The Sufi mystic Mevlana Rumi wrote seven centuries ago, "Don't be satisfied with the stories that come before you; unfold your own myth." His poetic brother here in the West, Walt Whitman, put it this way: "Not I—not anyone else, can travel that road for you. You must travel it yourself."
Together, these musings aspire to the idea echoed in the work of seekers everywhere, that travelers cannot find deep meaning in their journey until they encounter what is truly sacred. What is sacred is what is worthy of our reverence, what evokes awe and wonder in the human heart, and what when contemplated transforms us utterly.
The Knot of Eternity
Surely, a voice whispered to me one night in the ruins of an old castle in Donegal. Ireland, surely there is a secret way. The moon was rising like a celestial mirror over the heathery hills. The sea slapped at the peculiar basalt rock formations along the coast. The wind howled like Gaelic pipes. From a distant farmhouse came the sweet smell of burning peat.
I stood shivering in the stone archway of an ancient chapel. Turning my head, I saw the weathered carving of a centuries-old Knot of Eternity. Each thread wandered far from the center, then whorled back in again. The ancient Celts believed this to be a potent symbol of life's journey, and the desire to return to the source that replenishes the soul.
Slowly, I followed the old stone path with my finger. Around and around went my hand, feeling the ancient chisel marks, the abrasions of wind, rain, and sun, and the tender burnishing of time. I thought of all the travelers who had come there, step by step, prayer by prayer, and wondered if they had discovered what they had been seeking, if their faith had been restored.
Slowly, the moon lit the ancient stone. The night air stung my eyes. My hand kept moving across the eternal knot, seeking out the hidden pattern beneath the whirling stone. In the sublime moment I felt an ancient presence rise in my heart, and in my fingertips the unwinding spiral of joy.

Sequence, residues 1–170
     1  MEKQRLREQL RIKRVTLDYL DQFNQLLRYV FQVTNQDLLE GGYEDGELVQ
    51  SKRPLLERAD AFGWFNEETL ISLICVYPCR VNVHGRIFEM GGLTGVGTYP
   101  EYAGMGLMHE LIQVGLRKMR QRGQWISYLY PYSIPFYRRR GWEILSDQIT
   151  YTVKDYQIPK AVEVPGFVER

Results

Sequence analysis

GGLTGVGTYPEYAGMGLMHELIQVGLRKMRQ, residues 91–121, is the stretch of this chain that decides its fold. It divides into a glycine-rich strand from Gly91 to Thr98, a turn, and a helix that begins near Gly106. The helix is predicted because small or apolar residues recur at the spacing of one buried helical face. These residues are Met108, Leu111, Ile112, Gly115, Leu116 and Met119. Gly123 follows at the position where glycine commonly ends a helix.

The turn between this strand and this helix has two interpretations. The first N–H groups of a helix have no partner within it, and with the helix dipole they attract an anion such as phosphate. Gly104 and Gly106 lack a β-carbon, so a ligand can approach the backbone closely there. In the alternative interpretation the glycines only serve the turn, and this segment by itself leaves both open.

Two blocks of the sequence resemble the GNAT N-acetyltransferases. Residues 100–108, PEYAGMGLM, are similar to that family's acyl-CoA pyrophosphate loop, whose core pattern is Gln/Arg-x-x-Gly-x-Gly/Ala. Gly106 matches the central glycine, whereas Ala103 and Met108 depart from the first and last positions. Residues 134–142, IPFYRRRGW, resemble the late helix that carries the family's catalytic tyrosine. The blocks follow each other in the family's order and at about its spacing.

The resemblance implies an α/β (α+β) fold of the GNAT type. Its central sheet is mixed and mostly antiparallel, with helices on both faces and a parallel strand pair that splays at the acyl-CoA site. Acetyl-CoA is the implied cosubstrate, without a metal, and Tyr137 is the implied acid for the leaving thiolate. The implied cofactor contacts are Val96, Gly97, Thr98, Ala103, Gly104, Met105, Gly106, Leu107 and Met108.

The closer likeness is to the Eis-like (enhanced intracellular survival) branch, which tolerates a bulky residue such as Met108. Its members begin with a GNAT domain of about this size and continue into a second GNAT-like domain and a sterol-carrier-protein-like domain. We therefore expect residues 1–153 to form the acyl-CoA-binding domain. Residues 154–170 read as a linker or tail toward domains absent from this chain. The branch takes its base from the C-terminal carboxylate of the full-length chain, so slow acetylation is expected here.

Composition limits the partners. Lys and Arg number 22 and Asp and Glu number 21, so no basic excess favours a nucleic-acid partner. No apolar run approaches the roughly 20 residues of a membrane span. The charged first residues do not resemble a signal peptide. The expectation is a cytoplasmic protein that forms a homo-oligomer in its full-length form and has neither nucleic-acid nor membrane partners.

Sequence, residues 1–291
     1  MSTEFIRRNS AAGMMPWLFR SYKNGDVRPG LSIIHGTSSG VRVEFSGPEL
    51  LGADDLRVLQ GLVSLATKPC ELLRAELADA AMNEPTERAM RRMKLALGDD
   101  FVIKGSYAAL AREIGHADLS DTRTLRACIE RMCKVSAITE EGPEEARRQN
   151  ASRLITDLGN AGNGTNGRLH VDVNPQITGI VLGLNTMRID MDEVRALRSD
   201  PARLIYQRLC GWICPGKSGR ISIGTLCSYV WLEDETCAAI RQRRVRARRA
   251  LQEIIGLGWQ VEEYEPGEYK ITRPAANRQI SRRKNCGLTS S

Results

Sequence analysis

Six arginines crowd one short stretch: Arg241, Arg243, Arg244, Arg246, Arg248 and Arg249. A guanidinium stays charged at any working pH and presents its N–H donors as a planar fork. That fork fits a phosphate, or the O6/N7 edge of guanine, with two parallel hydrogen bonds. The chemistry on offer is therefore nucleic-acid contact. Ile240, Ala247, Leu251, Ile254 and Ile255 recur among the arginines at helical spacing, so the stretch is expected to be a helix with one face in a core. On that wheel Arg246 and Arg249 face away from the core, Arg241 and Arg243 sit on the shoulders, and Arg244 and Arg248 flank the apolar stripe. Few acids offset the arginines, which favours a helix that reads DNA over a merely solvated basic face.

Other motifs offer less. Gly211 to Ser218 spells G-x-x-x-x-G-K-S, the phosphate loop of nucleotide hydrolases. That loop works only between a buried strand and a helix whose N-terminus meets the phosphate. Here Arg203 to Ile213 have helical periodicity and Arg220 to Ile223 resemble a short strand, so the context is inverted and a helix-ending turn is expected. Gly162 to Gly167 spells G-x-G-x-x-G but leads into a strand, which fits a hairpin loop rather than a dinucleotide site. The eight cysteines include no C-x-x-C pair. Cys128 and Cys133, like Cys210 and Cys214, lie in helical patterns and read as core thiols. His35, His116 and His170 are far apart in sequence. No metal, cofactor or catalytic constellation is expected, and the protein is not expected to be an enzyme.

Pilgrimage as Art
This is the path that The Art of Pilgrimage follows, one carved out by the simple beauty of a handful of practices, tasks and exercises that pilgrims, sojourners, and explorers of all kinds have used for millennia. In each of us dwells a wanderer, a gypsy, a pilgrim. The purpose here is to call forth that spirit. What matters most on your journey is how deeply you see, how attentively you hear, how richly the encounters are felt in your heart and soul.
Kabir wrote, “If you have not experienced something, then for you it is not real.” So it is with pilgrimage, which is the art of movement, the poetry of motion, the music of personal experience of the sacred in those places where it has been known to shine forth. If we are not astounded by these possibilities, we can never plumb the depths of our own souls or the soul of the world.
Whether we are on vacation, a business trip, or a far-flung adventure tour, we can look at the trying times along the road as either torment or chances to “stretch” ourselves.
But what do we do if we feel a need for something more out of our journeys than the perennial challenges and pleasure of travel? What happens if the search for the new is no longer enough? What if our heart aches for a kind of journey that defies explanation?
Centuries of travel lore suggest that when we no longer know where to turn, our real journey has just begun. At that crossroads moment, a voice calls to our pilgrim soul. The time has come to set out for the sacred ground—the mountain, the temple, the ancestral home—that will stir our heart and restore our sense of wonder. It is down the path to the deeply real where time stops and we are seized by the mysteries. This is the journey we cannot not take.